Shake the can, Bake the paint.
I haven’t given up on my experimenting with baking paint in an oven to get better results. I’ve been working on reproducing the high school ride, a ‘66 GTO, of an old friend for a long time now. I’ve gone through quite a few bodies due to loss of detail from sanding and stripping, but I’ve learned a little from each one.
I decided to try baking the paint to see what else I could learn on this custom.
Same paint, same subject. The car on the left has had two coats of Krylon Super Maxx Red. The one on the right has had 3 coats of the same paint, and has been baked in a toaster oven at 100° for an hour after each coat.
If you look at the windshield wipers and vents in these images, you can see how baking the paint really sucks it down into the low spots. (click on an image for the full size image.) On the non-baked car, those details have become filled in after two coats. If I try to get some black down into the vents on the non-baked one, they will all be uneven because of being so filled in. On the baked car, there is more definition left, after three coats to boot.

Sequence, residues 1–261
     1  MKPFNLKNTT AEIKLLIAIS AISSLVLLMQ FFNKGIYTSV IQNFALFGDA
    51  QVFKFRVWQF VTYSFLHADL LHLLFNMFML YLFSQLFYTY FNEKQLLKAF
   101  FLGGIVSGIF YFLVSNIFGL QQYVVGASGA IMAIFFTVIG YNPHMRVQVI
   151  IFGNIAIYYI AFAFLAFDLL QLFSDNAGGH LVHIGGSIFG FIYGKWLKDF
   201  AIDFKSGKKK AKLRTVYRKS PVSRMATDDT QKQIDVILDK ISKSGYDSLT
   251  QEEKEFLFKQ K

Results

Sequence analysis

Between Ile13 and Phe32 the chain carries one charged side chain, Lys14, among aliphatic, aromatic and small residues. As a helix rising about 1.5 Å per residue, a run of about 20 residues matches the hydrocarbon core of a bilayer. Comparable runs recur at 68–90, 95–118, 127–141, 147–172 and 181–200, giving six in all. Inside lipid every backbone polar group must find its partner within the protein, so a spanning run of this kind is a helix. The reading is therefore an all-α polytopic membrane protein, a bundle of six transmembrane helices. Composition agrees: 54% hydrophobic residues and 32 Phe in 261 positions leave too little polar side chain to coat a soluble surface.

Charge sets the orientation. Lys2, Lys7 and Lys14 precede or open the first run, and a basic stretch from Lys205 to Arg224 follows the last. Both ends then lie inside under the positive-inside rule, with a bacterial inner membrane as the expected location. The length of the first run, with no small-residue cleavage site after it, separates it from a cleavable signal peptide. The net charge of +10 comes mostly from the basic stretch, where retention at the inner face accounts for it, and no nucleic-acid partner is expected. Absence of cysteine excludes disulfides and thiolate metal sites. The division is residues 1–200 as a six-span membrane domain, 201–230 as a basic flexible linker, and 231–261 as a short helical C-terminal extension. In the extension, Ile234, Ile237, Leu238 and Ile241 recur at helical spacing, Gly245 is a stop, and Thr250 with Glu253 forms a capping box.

(Note: The one on the right turned out to have a casting defect when I stripped it, the hood scoop is pushed in, so it has become a test mule for a few rounds.)
Both cars were lightly sanded between coats.This is the non-baked version.
The baked car, in the foreground, has taken on a more satin finish, and is actually a bit darker. My picture taking device* didn’t really capture it well, but it’s darker. I’ll try a lighter shade of red in the next round, to try and have it come out as the proper shade of red that GM used on the ‘66 GTO.
*Calling it a potato anymore is libelous to potatoes, bordering on defamation.
Baked one on bottom, two coats of non-baked on top. There’s a minor flaw just above the front wheel arch on the top one, which will make it a little easier to strip again. Too bad, this is one of my better paint jobs as far as shininess is concerned. Once I get the color-after-baking correct, I will spray it with clear coat to get it to shine. I’ll be spraying the baked one just to see how that will come out, and I’ll post a photo in the comment thread.
(Once it has been baked, stripper is pretty much useless on the paint.)
You can clearly see the difference in detail on the baked car by looking at the wiper and vent area. It’s not as apparent, but the “nostrils” in the hood scoop have also filled in on the non-baked one.
You can also see the sunken hood scoop more clearly, nice QC Mattel...
More as it occurs...